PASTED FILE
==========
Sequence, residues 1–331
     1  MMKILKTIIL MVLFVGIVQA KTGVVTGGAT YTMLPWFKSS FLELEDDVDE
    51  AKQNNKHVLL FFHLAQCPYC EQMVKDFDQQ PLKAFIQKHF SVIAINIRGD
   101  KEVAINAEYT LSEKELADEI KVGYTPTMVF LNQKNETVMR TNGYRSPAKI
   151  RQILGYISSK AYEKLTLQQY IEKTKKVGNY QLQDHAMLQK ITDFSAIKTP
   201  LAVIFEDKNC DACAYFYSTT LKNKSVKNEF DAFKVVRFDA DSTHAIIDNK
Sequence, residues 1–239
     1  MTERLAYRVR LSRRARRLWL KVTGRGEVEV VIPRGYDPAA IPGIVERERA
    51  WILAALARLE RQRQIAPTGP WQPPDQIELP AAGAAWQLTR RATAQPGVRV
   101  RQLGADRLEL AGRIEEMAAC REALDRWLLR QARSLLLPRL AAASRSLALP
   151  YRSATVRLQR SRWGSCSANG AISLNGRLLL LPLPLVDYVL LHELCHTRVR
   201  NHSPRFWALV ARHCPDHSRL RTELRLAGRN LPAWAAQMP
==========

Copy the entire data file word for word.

Sequence, residues 1–331
     1  MMKILKTIIL MVLFVGIVQA KTGVVTGGAT YTMLPWFKSS FLELEDDVDE
    51  AKQNNKHVLL FFHLAQCPYC EQMVKDFDQQ PLKAFIQKHF SVIAINIRGD
   101  KEVAINAEYT LSEKELADEI KVGYTPTMVF LNQKNETVMR TNGYRSPAKI
   151  RQILGYISSK AYEKLTLQQY IEKTKKVGNY QLQDHAMLQK ITDFSAIKTP
   201  LAVIFEDKNC DACAYFYSTT LKNKSVKNEF DAFKVVRFDA DSTHAIIDNK
Sequence, residues 1–239
     1  MTERLAYRVR LSRRARRLWL KVTGRGEVEV VIPRGYDPAA IPGIVERERA
    51  WILAALARLE RQRQIAPTGP WQPPDQIELP AAGAAWQLTR RATAQPGVRV
   101  RQLGADRLEL AGRIEEMAAC REALDRWLLR QARSLLLPRL AAASRSLALP
   151  YRSATVRLQR SRWGSCSANG AISLNGRLLL LPLPLVDYVL LHELCHTRVR
   201  NHSPRFWALV ARHCPDHSRL RTELRLAGRN LPAWAAQMP